Report on a conversation: Evaluating remote or online creative activities during the pandemic

Author(s):*Listed Alphabetically
Gray K, Willis J

Year of Publication:

Willis Newson

Publication Type:


This report documents a curated online conversation on the subject of evaluating creative activities in the context of the COVID-19 pandemic. The conversation brought together an invited group of 36 mainly UK-based arts practitioners, evaluators and researchers interested in discussing evaluating creative practice for health and wellbeing during the pandemic. Short keynote presentations from the field provided catalysts for facilitated breakout discussions, with summaries of these presented back to the plenary group. Proceedings were recorded and notes transcribed.

Discussion highlighted the many improvisational and innovative ways in which arts and health practice is responding to Covid-19. However, as arts, health and wellbeing practice is adapting at breakneck speed, the key challenges for evaluation, thrown into sharp relief by the pandemic, remain much the same: a lack of time and resources, concerns around rigour, and ethical worries around including and not burdening participants.

Changes in approaches to evaluating creative activities for arts, health and wellbeing delivered remotely or online during COVID-19 have been prompted by increased flexibility from funders and the continuing desire to find appropriate, accessible and sustainable ways to access participant experience.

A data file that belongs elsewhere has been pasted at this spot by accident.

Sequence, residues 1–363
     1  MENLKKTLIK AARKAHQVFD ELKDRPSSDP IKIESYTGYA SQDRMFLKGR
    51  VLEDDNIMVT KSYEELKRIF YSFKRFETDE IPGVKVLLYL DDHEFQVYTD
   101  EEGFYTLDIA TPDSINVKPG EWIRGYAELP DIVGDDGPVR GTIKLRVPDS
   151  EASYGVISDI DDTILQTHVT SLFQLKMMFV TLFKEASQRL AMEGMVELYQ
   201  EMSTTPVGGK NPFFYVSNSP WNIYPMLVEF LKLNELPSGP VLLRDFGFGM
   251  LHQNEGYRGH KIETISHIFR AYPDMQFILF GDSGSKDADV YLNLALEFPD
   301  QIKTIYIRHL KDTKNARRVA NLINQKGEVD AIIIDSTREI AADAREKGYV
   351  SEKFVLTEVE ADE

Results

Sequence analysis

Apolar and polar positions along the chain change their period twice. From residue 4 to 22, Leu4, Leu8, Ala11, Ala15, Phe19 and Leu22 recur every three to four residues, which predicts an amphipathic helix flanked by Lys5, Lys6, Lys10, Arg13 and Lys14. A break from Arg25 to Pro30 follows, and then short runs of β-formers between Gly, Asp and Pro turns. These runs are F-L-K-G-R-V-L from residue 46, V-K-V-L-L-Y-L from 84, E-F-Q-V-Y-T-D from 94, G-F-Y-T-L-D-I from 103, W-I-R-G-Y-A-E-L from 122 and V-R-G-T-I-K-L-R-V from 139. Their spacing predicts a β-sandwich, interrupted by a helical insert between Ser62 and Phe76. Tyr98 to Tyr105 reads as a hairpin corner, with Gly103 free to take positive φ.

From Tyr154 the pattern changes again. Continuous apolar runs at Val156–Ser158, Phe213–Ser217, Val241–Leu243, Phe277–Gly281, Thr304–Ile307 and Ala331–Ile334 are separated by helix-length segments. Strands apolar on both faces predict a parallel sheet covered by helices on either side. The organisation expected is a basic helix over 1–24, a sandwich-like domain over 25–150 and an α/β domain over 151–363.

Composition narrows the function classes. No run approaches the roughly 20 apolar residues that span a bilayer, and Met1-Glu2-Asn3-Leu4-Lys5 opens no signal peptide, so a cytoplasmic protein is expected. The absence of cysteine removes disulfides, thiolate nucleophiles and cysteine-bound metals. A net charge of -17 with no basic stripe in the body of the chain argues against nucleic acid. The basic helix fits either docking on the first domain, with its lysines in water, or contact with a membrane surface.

Evaluation is considered crucial to honing emerging practice, ensuring appropriateness and meeting participant needs. It continues to be seen as critical in terms of providing evidence of outcomes. However, with funders demonstrating their flexibility, some in the sector are feeling more able to question the type of evaluation that is most useful. This has been accompanied by a shift from measuring quantitative outcomes to qualitative impact and process evaluation. Evaluation of innovations in practice resulting from responses to COVID-19 could help shape the long-term development of the arts and health sector.

Evidence Type: Qualitative Research

Research Purpose: Discussion / Debate

Context: Community

Participant Group: Adults

Art Forms: Multi-Arts

Access Type: Free Download

APA Citation:

Gray, K. and Willis, J. (2020). Report on a conversation: Evaluating remote or online creative activities during the pandemic. UK: Willisnewson.